Author(s): The Open University

The international level can be viewed as an arena of politics in its own right and not just as a context for states and other actors. If we think of the international world in this way, how should relations between states, and other actors on the international stage, be constructed? To what extent should those relations be regulated? We can ask whether relations between states, and states' policy making, should be dictated by allegedly universally shared human rights principles, or by other o
Author(s): The Open University

After studying this course, you should be able to:

• understand the different interpretations of internationally recognised notions of rights and justice

• give examples of implementing justice in an international sphere

• investigate questions in international studies

• analyse the different agencies of change in the international system.

Author(s): The Open University

The Ministerial Declaration adopted by WTO members at Doha on 14 November 2001 fails to address the most pressing needs either of the poorest countries or of the world's most vulnerable communities. This means that the people who most need a share in global prosperity are still those least likely to obtain it.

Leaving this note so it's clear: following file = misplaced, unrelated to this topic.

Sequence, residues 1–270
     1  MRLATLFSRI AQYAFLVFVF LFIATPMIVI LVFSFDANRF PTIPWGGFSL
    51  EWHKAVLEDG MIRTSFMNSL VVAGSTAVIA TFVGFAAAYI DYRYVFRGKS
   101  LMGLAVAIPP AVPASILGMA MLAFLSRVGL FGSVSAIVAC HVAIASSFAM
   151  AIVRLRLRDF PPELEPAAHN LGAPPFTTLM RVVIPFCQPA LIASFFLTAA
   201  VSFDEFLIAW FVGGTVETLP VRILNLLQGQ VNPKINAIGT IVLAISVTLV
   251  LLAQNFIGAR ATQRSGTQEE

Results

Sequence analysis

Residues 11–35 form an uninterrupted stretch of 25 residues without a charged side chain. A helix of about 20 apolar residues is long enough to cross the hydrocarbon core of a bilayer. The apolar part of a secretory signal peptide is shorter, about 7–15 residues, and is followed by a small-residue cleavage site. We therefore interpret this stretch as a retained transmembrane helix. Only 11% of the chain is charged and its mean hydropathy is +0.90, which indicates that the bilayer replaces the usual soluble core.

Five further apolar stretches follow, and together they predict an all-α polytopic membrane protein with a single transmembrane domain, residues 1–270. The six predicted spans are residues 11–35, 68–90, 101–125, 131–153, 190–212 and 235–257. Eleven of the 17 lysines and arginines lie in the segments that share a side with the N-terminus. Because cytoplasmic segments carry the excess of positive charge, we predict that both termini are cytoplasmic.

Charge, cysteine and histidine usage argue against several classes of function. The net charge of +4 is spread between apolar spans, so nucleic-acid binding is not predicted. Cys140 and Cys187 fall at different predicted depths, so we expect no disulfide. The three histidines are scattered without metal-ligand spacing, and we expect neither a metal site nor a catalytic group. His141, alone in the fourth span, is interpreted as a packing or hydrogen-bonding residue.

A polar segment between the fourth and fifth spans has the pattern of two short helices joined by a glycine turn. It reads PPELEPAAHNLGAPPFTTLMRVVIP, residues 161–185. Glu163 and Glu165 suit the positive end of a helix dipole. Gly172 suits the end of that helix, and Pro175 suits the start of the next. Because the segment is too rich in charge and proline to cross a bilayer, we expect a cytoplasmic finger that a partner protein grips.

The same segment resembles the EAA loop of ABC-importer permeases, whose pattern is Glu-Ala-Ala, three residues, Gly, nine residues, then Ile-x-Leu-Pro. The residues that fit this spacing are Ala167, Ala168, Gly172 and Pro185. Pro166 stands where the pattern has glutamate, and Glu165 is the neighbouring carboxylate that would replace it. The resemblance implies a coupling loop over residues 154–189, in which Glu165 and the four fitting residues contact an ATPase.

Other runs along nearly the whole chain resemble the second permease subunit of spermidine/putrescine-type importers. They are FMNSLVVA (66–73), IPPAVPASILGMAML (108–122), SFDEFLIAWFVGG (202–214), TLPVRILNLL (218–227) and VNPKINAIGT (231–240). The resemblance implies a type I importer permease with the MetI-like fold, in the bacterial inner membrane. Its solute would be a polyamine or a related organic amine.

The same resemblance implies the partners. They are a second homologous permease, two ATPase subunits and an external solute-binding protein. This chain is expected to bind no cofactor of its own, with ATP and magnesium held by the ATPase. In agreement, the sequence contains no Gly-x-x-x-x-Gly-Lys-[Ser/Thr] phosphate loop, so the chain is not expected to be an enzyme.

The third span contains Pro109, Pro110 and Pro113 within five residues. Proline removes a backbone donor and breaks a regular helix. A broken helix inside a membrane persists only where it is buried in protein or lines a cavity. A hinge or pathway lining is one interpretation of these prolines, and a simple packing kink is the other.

(A joint statement by Actionaid, CAFOD, Christian Aid, Oxfam, Save the Children and five other charities a
Author(s): The Open University

Energy policy and climate change
The 2009 United Nations Climate Change Conference in Copenhagen presents a new focus for international debate and decisions about energy and its use. What are the countries of Western Europe and Scandinavia doing to promote sustainable energy production? Just how different will the future energy map of Europe look? And is energy policy principally a scientific issue or a political one? This album contains a series of films exploring energy policy in various countries around Europe in 2006, frame
Author(s): The OpenLearn team

Structural Integrity: Materials Testing
How is safety built into the design of new structures? What sort of tests are used to ascertain the safety of proposed designs? Structural integrity, the study of the safe design and assessment of materials and structures under load, has become crucial in engineering design. Concepts within stress analysis have wide applicability, as there are very few manufactured components and products that do not experience any loading during their life. The tracks on this album demonstrate a selection of